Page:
Sunday, December 6, 2015

Does CCSS Really Cost us Play & Socialization?

In the past few years, I have heard many an educator grumble about the new Common Core expectations.  The seemingly impossible standards, and the even more impossible standardized tests, certainly put teachers and students through the ringer.  In my teeny tiny Kindergarten world, the biggest complaint is always that CCSS is not developmentally appropriate.  "Where is the play?" I always hear.  "How about social/emotional skills?"

I am a baby teacher.  After 5 years into the profession, my perspective may not be on point.  However, I think like anything else in life, everything should be done in moderation.  Just because we are all held to the same standards does not mean that every single classroom will meet those expectations in the same way.  I am so lucky to be part of a very cohesive and talented team of K teachers who ALL reach our CCSS goals differently.  Through learning to teach to CCSS, we have been able to challenge ourselves as educators and expose our students to the very best practices we can find.  It's easy to read a standard and think "What?! There is no way my 5-year-olds can do this! We've never done it like this before," and then you teach it a few times, reteach it even more, and suddenly, they have it.  Even in the worst case scenario, where you simply cannot get students to reach a goal, they are still learning more now that we ever expected of them 5 years ago. 

I still have DAILY center time in my Kindergarten class-- center time that includes play dough, and sensory tables, and painting.  I still sing and dance and sprinkle glitter everywhere.  I still do daily read alouds (can you believe some K teachers interpreted CCSS to have said to STOP read alouds?! WHAT?!) I had an amazing mentor teacher who drilled into me that play and authentic learning experiences can never be replaced by dictated standards or fancy technology.  You know what? We still chart and track our DIBLES goals every day, we still challenge ourselves with sight words and leveled readers, we still begin addition right from October on, we still tackle writing 3-4 sentences by the end of the year.  It's all a matter of balance.  I certainly don't have the perfect formula for Kindergarten success, but I can say I am very comfortable with the choices I make for my little nuggets.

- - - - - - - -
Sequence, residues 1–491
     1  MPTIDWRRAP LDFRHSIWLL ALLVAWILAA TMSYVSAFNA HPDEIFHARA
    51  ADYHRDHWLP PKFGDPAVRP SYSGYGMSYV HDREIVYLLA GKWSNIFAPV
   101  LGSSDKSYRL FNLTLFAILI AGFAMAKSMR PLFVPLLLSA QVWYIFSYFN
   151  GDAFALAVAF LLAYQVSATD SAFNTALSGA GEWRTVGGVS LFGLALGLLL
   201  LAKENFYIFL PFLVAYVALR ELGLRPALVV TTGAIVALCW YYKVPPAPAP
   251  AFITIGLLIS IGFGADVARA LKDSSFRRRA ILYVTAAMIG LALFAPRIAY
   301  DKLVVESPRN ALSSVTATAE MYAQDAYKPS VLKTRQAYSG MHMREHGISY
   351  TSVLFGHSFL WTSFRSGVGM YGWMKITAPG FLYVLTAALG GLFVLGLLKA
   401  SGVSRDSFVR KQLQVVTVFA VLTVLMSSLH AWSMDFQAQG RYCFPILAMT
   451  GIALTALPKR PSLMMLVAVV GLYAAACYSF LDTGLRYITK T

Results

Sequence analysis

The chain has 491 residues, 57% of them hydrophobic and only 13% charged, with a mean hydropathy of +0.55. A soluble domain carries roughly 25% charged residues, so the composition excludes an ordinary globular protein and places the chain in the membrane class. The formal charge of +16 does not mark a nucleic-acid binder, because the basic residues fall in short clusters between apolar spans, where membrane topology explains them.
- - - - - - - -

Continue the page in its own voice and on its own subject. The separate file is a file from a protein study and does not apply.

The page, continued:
At first, this was tough, of course.  We went from half-day K where we barely could count to 31 and sing the letters, to full-day K where we had to count to 120 by 1s, 5s, and 10s, and be reading emergent readers by the end of the year.  A little mind-boggling, yes.  Impossible? Nothing is impossible with a smile on your face! :)

(I say that a little sarcastically, as I know that not everyone is in a building where this is a reality. I have a very supportive principal who trusts that we know how to do our jobs and lets us do our thing.)

The stress some administrators put on their teachers to achieve CCSS standards, however, can force a teacher to make the worst choices for his/her students.  From my conversations with older teachers who are against CCSS for Kindergarten, I gather that their interpretation of the standards means to force 5-year-olds to do worksheets all day long.  I read a blog article about a school who forced their Kindergarteners to take MAPs testing on computers because of CCSS.  I mean, use common sense, people! Of COURSE that is ridiculous! Of COURSE that will make teachers turn against the standards.  But these should not be common place practices.  These are simply interpretations of the standards gone wrong.  When the leaders of our schools are condoning these kinds of practices, that is the time to begin questioning things.  Remember, it's not like this everywhere.

As an ELL student myself, I am grateful that we have such rigorous standards today.  I may not be able to get all of my ELL students to "read and understand an emergent reader text," but it's important that parents know this is what their children ARE capable of with the right supports.  Teachers are loving, well-meaning, and hardworking people.  We punish ourselves when our kids don't reach an end-of-year standard or make their goals.  It's important to remember that they WILL make their just may take longer than other kids.  ELL students may not make their goals until 4th or even 5th or EVEN 6th grade, and that is unsettling for most educators.  But boy, when my ELL kids DO meet those tough standards...those are the days I live for in Kindergarten.

Here's another article that rings very true to me about CCSS in Kindergarten: